• Well, it was from the KLOV listing, so it's not always going to be 100% accurate by everybody's standards, but I believe SFII (movie) would count since it's the same characters, with terrible Pit Fighter graphics (and van damme) As for EXIII, if it didn't make it into the arcade, that'd be why it wouldn't be listed, they seem to only list arcade games... As for the "Vs." games, those are just a bastardized version... I think the list is pretty thorough, aside maybe from the EXIII you mentioned.
      • It's really too bad that Capcom has the habit of releasing games before they're done. Street Fighter Alpha was derided as being sloppy and unbalanced, with unfinished art requirements and not enough balancing time. But Street Fighter Alpha 2 was completely solid, and Alpha 3 was one of the best in the series. Likewise SFIII was an unfinished mess the first revision, but III 2 was actually good and III 3 was probably the most technical fighter released in years.

      • because everything -after- SFII just plain sucked.

        Heh, each to their own. I think the Street Fighter Alpha games are awesome, and I still play (by emulation) SFA3 several times a day. It's bloody addictive. :-)

        What I'm more interested in is why they're releasing a game that was also released on the ***SNES*** for the Xbox. I didn't think they did that kind of thing. It will be Donkey Kong next.
    • Silly rabbit, that's not Streetfighter 2, that's Streetfigher 11 =D
    • Street fighter II, was so wildly popular that the sequel became a brand, that is why capcom did not wanted to drop the II and move to three, but instead just keept adding ": [what ever]" in order to differenciate titles, that is why people keep buying all those, because thinking of Street Fighter II, bring all of those memories, and people while getting something new, still want that original experience somehow.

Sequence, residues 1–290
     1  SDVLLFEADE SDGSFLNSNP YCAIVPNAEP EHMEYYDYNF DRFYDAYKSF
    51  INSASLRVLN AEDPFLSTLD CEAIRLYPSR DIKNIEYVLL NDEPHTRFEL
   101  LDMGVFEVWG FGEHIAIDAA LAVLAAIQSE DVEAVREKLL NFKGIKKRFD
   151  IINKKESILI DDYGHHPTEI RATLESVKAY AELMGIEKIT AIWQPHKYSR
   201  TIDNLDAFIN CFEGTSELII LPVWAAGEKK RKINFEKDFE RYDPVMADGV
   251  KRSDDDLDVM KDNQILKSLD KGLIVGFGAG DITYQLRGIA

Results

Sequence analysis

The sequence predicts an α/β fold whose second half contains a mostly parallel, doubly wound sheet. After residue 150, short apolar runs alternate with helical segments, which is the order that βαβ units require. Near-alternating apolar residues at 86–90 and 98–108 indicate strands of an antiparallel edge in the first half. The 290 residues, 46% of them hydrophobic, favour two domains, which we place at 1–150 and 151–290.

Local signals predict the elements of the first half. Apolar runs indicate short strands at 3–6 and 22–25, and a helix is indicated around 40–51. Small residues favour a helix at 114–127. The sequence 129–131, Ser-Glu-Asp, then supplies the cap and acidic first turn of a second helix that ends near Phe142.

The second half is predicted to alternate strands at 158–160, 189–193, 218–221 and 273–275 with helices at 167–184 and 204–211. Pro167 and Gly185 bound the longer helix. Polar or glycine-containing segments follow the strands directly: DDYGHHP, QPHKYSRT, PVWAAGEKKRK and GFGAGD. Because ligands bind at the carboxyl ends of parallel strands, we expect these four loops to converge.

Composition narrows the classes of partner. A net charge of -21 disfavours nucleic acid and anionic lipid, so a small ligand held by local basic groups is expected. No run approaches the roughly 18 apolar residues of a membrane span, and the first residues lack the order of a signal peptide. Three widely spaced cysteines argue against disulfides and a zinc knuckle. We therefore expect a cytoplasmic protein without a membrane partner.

• by kid_oliva (899189) on Thursday August 03, 2006 @04:39PM (#15842543) Homepage
    Although it has gotten better, lag is still an issue with Xbox Live. More than likely what they are doing with this game is the same thing they do with Halo2 on live. They set one of the people as host and the only thing the server does is game match. This can cause all sorts of issues, especially in Halo2 where the engine has some network code issues. You have the annoying button lapse to hits not registring at all. Usually, however the host has the advantage. They move a little quicker, hit a little harder, and can take more damage. Centralizing everything is more expensive, but will negate host issues and you could also run programs like punk buster to keep people from cheating. That's my $0.02.
    • Actually a peer-to-peer model is better than a centralized network for fighting games where frames need to be synced between two client boxes. If they added a centralized host information would just have to travel and be processed at another node, which would actually increase the latency of the packets traveling between the two Xbox 360's.

      A centralized server does make a lot of sense when the game has more than two players though, since all the server processing can be down by the server box which leaves
      • Problem is fighting games require absolute frame accuracy or they desync. Scenario: Player 1 and 2 press attack at the same time. The attack would hit at the same frame. Due to lag each player sees his opponent start with the attack one frame later so they hit and their opponent doesn't. How do you correct that? You'd have to declare one player's game data as correct to solve that.
  • SFIIHF Is Good (Score:5, Interesting)